Can the Senate veto certain gubernatorial appointments? It will be on the ballot once early voting begins | Choose

Three other proposed constitutional amendments await when early voting begins Saturday, and every Baton Rouge-area community has at least one local racial or ballot issue that needs to be addressed in the Louisiana general election.

Voters on Nov. 8 considered eight proposed amendments to the state constitution and rejected five. The three additional issues tabled by the Legislature for the Dec. 10 election deal with voting rights and whether the state Senate should confirm the governorship of the Louisiana Civil Service Commission and the State Police Commission.

In East Baton Rouge Parish, two judges from the 19th Circuit are in a runoff for a seat on the 1st Circuit Court of Appeals, and there are runoffs for a seat on the bench of the 19th JDC and for a judgeship in the city of Zachary . The borough school board has four runoffs, including Connie Bernard’s return to a contest from which she previously resigned, and the St. George Fire Department is seeking a new property tax in the southern part of the ward.

Communitywide tax renewals are also on the ballot in Ascension, Assumption, East Baton Rouge, East Feliciana, Livingston, St. Helena, and West Feliciana communities.

Proposed Amendment 1 would require every voter in Louisiana to be a US citizen. The state constitution currently grants voting rights only to Louisiana citizens, but neither the existing document nor the proposed amendment establish what qualifies an individual as a citizen rather than a resident of the state or nation.

The remaining proposals would give the Senate veto power over the appointment of two commissions to oversee the work of certain government officials.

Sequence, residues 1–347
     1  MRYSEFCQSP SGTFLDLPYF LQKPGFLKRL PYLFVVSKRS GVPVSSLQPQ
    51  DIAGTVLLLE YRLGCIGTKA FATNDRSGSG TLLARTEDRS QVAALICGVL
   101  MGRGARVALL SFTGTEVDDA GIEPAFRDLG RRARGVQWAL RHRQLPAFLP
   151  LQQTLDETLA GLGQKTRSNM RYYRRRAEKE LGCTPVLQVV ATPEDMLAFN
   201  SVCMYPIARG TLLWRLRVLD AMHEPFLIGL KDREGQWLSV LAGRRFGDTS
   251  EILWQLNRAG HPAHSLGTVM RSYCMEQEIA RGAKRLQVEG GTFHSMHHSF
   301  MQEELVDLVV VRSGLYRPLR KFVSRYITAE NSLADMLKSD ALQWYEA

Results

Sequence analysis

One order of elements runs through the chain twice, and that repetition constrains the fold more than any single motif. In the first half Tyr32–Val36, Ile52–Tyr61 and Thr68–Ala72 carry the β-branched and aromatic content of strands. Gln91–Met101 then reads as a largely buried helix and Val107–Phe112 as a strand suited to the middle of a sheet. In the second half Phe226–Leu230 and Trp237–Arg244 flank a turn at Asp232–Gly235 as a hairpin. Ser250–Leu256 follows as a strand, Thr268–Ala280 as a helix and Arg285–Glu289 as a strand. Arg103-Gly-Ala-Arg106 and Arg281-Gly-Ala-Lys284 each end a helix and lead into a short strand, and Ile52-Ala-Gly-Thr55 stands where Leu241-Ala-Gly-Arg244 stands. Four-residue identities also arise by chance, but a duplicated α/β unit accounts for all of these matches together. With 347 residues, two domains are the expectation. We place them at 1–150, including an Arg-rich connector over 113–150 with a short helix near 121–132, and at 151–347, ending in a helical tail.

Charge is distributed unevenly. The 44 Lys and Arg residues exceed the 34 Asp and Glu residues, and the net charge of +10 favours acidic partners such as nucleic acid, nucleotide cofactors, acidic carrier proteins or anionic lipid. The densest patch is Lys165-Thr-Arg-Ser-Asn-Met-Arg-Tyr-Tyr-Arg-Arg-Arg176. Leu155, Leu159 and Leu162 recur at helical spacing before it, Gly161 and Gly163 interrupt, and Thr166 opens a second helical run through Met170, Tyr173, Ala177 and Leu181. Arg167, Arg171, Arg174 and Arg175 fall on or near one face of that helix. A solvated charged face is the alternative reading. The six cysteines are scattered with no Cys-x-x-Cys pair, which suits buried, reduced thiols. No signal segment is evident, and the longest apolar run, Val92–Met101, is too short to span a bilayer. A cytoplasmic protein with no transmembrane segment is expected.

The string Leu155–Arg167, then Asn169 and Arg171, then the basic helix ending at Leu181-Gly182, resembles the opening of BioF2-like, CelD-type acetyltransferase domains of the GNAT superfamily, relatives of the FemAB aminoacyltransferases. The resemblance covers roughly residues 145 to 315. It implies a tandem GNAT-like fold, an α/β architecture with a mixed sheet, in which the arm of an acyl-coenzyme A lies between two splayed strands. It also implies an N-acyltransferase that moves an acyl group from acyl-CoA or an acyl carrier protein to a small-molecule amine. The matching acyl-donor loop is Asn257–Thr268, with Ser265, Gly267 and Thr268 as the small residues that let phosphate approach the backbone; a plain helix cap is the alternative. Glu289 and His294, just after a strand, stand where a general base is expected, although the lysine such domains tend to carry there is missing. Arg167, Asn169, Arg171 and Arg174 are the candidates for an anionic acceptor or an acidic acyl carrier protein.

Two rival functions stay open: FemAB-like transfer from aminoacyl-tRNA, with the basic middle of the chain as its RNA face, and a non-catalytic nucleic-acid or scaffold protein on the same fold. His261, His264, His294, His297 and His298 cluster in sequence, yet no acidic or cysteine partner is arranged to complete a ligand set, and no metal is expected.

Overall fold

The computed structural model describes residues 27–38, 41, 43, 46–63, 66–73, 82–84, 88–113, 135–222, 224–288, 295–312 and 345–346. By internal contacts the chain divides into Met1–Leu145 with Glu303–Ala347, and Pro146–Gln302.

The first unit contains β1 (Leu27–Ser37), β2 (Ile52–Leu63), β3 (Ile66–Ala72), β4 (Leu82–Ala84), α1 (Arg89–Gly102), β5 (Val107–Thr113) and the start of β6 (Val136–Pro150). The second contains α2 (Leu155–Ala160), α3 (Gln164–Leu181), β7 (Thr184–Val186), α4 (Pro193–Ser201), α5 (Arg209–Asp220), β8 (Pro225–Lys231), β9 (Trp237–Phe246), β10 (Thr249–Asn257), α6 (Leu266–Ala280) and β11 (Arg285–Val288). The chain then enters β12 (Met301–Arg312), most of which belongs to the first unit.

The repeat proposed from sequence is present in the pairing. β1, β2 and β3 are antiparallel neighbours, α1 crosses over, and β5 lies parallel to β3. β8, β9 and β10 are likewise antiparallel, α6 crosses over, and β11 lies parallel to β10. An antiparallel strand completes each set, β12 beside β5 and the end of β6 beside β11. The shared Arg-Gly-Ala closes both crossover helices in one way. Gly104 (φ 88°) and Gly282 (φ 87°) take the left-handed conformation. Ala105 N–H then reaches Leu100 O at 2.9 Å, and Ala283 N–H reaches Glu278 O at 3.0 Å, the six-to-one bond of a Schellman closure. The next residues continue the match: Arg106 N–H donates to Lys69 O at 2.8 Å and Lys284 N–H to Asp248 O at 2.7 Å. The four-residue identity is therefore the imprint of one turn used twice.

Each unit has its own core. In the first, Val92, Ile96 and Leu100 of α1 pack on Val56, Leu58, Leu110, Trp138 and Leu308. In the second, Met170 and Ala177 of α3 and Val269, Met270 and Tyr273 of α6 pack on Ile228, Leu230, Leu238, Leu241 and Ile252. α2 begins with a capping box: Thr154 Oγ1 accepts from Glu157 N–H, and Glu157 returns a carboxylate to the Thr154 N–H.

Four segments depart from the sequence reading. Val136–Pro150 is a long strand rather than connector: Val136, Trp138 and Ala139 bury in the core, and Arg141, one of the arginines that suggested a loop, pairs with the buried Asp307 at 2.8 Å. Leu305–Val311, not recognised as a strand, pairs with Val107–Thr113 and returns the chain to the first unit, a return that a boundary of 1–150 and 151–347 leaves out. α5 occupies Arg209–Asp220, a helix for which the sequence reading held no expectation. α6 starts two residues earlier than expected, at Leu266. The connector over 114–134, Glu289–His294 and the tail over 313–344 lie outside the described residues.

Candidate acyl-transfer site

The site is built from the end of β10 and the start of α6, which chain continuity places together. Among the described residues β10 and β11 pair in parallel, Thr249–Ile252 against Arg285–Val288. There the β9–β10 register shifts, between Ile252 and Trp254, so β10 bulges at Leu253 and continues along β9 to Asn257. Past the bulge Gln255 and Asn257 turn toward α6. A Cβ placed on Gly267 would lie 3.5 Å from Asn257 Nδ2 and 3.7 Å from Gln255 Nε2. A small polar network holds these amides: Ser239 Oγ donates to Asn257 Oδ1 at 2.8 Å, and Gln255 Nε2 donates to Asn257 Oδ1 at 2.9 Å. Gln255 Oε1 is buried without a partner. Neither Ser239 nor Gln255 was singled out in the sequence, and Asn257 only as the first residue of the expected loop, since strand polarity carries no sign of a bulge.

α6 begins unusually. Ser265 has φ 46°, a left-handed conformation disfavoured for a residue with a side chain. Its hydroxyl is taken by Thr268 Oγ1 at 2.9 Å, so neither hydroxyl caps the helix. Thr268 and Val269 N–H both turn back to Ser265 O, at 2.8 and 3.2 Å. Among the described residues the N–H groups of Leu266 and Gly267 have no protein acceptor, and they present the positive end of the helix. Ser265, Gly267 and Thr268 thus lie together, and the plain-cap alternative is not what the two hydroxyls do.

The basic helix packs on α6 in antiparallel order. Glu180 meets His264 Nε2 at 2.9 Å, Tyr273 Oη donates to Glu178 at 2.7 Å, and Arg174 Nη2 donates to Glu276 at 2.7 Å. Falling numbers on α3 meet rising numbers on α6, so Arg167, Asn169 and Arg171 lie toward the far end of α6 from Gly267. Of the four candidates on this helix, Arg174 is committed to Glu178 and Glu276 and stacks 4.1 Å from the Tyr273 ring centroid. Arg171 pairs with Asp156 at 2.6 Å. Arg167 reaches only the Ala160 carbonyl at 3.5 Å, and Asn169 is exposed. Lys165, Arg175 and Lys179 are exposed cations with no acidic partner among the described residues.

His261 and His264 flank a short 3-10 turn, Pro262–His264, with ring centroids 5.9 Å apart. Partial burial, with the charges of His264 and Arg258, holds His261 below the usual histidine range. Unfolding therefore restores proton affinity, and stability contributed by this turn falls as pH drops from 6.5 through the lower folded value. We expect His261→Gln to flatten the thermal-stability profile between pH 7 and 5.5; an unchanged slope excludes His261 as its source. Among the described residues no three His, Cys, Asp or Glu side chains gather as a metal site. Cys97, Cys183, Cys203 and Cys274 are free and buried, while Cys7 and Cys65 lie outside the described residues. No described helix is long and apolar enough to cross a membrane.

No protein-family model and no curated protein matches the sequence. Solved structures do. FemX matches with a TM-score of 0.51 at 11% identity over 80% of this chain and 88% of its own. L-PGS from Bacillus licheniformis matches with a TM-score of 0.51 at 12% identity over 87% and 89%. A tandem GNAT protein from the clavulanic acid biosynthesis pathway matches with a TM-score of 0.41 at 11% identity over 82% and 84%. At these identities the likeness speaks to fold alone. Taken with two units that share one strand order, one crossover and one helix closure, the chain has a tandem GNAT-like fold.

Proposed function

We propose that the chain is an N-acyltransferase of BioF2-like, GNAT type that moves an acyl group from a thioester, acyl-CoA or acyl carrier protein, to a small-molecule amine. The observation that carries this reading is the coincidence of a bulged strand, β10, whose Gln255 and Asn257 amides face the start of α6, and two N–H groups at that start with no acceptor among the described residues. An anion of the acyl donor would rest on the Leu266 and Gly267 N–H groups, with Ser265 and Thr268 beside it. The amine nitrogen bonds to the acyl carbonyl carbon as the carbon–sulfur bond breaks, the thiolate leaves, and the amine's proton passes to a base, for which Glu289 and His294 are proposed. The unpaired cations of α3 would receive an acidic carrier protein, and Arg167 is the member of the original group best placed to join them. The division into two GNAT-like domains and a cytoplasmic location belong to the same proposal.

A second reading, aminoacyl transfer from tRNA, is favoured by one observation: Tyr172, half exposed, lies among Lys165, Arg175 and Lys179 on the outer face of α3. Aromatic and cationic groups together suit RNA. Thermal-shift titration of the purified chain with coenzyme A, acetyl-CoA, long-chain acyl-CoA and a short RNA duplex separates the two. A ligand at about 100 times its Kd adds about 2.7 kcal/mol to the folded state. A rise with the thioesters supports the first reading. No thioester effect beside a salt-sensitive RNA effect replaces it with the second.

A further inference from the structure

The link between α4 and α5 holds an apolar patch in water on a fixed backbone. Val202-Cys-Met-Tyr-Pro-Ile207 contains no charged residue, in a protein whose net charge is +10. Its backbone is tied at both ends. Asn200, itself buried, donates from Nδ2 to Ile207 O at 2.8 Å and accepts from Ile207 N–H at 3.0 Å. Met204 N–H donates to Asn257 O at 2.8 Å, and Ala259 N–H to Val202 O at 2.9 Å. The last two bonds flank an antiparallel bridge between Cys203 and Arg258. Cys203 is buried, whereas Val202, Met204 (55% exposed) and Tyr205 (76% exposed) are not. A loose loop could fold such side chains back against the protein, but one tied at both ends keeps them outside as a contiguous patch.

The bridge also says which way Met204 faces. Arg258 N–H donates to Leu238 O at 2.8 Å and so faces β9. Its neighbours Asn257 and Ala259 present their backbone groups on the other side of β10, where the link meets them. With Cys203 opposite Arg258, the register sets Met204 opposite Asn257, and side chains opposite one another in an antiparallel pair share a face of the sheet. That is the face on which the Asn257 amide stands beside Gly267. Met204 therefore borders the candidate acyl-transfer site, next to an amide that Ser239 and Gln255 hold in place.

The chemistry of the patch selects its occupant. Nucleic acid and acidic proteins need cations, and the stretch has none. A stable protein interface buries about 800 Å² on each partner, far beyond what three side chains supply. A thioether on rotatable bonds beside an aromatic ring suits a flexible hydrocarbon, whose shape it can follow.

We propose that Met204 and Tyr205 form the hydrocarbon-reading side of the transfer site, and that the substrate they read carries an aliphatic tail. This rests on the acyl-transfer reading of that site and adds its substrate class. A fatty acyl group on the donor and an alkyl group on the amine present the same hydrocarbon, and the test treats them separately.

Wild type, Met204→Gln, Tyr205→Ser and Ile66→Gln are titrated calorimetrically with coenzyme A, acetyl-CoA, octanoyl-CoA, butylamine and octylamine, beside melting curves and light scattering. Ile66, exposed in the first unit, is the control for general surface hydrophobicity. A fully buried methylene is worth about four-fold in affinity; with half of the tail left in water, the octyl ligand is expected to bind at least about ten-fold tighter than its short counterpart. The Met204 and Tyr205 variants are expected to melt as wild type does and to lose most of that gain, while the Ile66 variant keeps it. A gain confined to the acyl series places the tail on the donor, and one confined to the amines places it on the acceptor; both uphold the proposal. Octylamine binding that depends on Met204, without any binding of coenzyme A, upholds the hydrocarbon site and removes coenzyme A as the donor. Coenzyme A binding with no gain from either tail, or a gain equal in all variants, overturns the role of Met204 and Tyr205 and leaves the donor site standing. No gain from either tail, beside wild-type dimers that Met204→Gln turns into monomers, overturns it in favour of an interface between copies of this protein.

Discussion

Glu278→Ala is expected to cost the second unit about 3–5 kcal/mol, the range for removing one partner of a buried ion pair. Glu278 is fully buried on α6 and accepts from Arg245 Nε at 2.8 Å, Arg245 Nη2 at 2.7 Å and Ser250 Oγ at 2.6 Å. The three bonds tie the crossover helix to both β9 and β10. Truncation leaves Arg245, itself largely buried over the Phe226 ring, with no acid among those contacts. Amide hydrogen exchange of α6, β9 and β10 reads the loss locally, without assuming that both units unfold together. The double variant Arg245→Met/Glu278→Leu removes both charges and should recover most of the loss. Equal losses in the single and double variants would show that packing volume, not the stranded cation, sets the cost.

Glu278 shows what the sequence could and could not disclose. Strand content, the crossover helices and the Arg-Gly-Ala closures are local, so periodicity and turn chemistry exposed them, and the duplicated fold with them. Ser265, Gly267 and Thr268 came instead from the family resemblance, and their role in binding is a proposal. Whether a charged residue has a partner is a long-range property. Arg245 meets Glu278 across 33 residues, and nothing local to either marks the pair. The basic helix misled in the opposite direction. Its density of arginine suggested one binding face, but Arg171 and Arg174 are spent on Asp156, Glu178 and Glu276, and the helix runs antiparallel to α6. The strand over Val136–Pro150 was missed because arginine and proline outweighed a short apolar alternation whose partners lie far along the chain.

The governor is appointing six members of the Civil Service Commission after receiving recommendations from a number of university presidents. Proposed Amendment 2 would require gubernatorial appointments to be made “with Senate approval.” The seventh member of the panel, elected by government employees, would not be subject to Senate approval.

Proposed Constitutional Amendment 3 works in a similar way for members of the State Police Commission. Its seventh member is elected by secret state constables, and that person does not require Senate approval.

In the East Baton Rouge community, either 19th Circuit Judge Hunter Greene, a Republican, or his colleague Don Johnson, a Democrat, will move to the Circuit Court of Appeals early in the new year after exiting the Nov. 8 primary.

Johnson, who is black, received 43% of the vote in the predominantly white court subdistrict in East Baton Rouge Township. Greene received support from a third of voters. Judge Beau Higginbotham, also a Republican, finished third with a quarter of the vote.

Since voters in Louisiana created subdistricts to increase the number of minority seats on the courts, no black judge has won in a predominantly white subdistrict.

Voter turnout could be decisive for the result. Nearly half of the subdistrict’s registered voters took part on Nov. 8, but only about 20% of voters are expected to take part in the next two weeks.

In District 8 of the East Baton Rouge Parish School Board, Bernard managed the runoff despite announcing her intention to resign. Because she finished the race late, her name still appeared on the primary ballots. She and Katie Kennison each received 35 percent of the vote and advanced to the December 10 runoff, and Bernard said she would restart her campaign.

Bernard’s campaign finance forms show that she spent $3 during elementary school, and Kennison spent none. Joseph Britt, touted in several flyers sent to voters in the weeks leading up to the election, raised $79,000 and spent $35,000 but finished last in the three-way race and missed the runoff.

In areas served by the St. George Fire Department, voters will consider a new $4 million property tax that would pay about $4 million for operations, including labor costs, in a fast-growing part of the community would bring in. For a home with a market value of $100,000, the property tax would increase by $40 per year.

Among the eight voting items in the Nov. 8 ballot, the only ones approved expanded property tax breaks for certain veterans and the disabled and let water companies waive hefty bills for customers not responsible for utility system problems.